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A former police officer who was cleared by a jury over a claim he tried to film a naked female colleague as she showered at the force’s headquarters is now facing a misconduct hearing.

Jonathan Eaton, 33, had been suspended from his role within Gloucestershire Constabulary since being cleared of a criminal charge at Newport Crown Court last year.

He had denied a single count of voyeurism on February 27, 2019, and was acquitted following a six-day trial. 

A disciplinary hearing, which began on Monday, was told Mr Eaton had formally resigned from Gloucestershire Constabulary and that he would not be attending or taking an active role in proceedings.

Presiding counsel Gerard Boyle QC told the hearing that, as a result of legislation in 2017, former officers could still face misconduct proceedings after leaving their respective force.

He said: ‘However the outcomes are now limited because he is a former officer and those outcomes are determined by whether there is a finding of misconduct or gross misconduct.

‘If there is a finding of misconduct simpliciter, the panel would record that fact and take no further action. 

PC Jonathan Eaton pictured arriving at Newport Crown Court on April 12 last year, where he was cleared by a jury of voyeurism

PC Jonathan Eaton pictured arriving at Newport Crown Court on April 12 last year, where he was cleared by a jury of voyeurism

PC Jonathan Eaton pictured arriving at Newport Crown Court on April 12 last year, where he was cleared by a jury of voyeurism

‘If there was a finding of gross misconduct the panel can consider only two possible outcomes – either take no disciplinary action or take disciplinary action which means making a finding that a former officer would have been dismissed had he still been a serving member of the force.’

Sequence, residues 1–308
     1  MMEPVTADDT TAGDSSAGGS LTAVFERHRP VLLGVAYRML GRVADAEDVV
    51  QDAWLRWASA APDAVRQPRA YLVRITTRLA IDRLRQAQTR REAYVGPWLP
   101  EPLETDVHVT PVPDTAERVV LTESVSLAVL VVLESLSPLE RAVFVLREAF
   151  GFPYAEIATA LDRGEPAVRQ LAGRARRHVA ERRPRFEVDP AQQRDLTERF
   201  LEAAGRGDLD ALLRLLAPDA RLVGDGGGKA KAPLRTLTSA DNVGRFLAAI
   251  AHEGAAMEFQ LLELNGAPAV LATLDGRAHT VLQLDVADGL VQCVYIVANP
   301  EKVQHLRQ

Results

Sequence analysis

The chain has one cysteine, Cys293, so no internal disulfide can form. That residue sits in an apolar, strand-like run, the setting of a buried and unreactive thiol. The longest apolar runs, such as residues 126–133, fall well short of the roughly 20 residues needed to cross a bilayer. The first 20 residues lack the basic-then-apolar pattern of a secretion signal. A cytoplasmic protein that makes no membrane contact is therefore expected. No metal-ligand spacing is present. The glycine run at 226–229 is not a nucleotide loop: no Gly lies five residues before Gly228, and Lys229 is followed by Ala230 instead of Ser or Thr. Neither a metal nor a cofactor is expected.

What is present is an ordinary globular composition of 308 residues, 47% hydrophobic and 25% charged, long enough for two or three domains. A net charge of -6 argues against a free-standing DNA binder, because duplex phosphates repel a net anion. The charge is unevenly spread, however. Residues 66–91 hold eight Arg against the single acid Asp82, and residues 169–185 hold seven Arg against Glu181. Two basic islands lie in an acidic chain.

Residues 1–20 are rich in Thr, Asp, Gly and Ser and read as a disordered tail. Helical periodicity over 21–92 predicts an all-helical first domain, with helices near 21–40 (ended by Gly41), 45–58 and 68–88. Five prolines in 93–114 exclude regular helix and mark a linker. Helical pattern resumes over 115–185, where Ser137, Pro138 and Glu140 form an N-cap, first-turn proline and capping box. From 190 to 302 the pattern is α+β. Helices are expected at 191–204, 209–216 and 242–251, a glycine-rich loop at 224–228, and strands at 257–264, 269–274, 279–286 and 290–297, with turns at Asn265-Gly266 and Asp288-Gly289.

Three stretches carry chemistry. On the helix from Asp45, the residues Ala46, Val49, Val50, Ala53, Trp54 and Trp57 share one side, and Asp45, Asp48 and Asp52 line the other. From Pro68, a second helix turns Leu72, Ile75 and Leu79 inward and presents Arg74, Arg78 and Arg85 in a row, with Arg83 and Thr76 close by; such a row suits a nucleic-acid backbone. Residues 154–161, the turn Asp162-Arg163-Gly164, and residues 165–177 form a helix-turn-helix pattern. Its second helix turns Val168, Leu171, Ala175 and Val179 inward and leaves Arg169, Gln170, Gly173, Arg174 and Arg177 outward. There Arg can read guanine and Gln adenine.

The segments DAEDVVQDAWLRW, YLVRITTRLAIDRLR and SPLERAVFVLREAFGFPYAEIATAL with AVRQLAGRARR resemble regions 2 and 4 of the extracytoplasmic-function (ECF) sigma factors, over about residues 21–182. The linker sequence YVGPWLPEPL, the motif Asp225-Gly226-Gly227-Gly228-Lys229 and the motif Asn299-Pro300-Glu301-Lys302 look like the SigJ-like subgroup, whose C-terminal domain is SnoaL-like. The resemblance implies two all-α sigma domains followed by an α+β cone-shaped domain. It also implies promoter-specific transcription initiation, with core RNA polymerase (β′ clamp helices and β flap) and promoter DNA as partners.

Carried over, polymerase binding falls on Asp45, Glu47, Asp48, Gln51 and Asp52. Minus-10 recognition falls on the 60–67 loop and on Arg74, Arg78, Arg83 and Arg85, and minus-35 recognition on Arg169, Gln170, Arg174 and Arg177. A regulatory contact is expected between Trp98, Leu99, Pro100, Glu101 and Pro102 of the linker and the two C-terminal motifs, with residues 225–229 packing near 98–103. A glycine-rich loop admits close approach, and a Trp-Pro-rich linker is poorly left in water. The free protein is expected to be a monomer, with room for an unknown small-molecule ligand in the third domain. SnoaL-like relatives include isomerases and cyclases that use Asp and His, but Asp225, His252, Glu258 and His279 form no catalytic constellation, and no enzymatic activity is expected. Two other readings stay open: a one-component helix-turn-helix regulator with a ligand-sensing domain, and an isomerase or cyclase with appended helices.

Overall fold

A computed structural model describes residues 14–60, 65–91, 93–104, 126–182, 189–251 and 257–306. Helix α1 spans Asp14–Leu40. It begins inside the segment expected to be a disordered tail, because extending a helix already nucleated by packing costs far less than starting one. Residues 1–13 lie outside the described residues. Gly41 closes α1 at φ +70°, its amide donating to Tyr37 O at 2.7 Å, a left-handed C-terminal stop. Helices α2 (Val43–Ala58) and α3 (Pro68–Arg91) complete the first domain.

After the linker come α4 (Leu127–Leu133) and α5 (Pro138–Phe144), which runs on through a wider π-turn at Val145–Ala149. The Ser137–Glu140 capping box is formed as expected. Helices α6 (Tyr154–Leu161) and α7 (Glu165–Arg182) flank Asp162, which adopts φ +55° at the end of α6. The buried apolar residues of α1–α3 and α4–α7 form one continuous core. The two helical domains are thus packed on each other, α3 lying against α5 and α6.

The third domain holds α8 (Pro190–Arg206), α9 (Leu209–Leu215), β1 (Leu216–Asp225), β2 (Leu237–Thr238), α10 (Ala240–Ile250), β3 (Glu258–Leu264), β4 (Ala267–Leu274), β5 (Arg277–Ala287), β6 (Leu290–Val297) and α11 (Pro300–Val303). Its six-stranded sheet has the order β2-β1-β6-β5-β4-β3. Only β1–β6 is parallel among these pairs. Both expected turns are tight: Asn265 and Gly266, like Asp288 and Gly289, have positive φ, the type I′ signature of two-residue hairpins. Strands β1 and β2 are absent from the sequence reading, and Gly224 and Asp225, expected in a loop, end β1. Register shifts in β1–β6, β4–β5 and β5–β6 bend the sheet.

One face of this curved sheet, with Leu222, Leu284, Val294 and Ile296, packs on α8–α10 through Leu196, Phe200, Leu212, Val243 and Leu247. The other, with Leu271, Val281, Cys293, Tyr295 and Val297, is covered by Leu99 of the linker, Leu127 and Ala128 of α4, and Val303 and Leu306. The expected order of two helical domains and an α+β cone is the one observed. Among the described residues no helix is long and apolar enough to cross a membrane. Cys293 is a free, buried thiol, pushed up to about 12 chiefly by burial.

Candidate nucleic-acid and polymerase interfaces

The hearing’s chair, Peter Cadman, said the legislation gave the panel jurisdiction to proceed in Mr Eaton’s absence.

Mr Boyle QC said the force believes Mr Eaton breached police standards of professional behaviour, honesty and integrity and failed to perform his duties consciously and diligently – failings he says amount to gross misconduct. 

He said the initial incident is alleged to have taken place in the unisex changing rooms of Gloucestershire Constabulary’s headquarters on February 27, 2019.

A woman, referred to as Witness A in the hearing, was using the shower as part of her daily routine at around 7.25am when she noticed a distinctive phone being held underneath the partition, the panel heard. 

Mr Boyle QC added: ‘It is alleged that Mr Boyle attempted to use his phone under the shower partition and observe or record the female colleague taking a shower. When he left the cubicle he was challenged by the woman and she made an allegation that he was using his phone to film her.

‘After he left the changing room area, and prior to being arrested, he made searches on the internet about mobile phone use and performed a factory reset, wiping his phone and deleting his web browsing history.

The headquarters of Gloucestershire Constabulary, where the alleged incident is said to have taken place

The headquarters of Gloucestershire Constabulary, where the alleged incident is said to have taken place

The headquarters of Gloucestershire Constabulary, where the alleged incident is said to have taken place

‘As a serving police officer he would have been well aware of the forensic and evidential significance of his phone being maintained as it was following such an allegation being made.

‘He deliberately interfered with his phone which he knew would be an important piece of evidence and potentially an exhibit.

‘In short, he acted in a deplorable fashion, utterly out of keeping with the high standards of behaviour expected of police officers.’ 

The misconduct panel heard that the primary purpose of disciplinary procedures was to not to punish officers, but to preserve public confidence in the reputation of the police service by holding officers accountable and making it clear that improper behaviour does not go unchecked.

Mr Boyle QC added: ‘This will also maintain high standards by demonstrating that misconduct will not be tolerated.

‘A third aspect will mean that the public will be protected by not allowing an officer to commit similar misconduct again by excluding them from the police service.’

Mr Eaton denies the charges. The hearing continues. 

Source: Daily Mail UK

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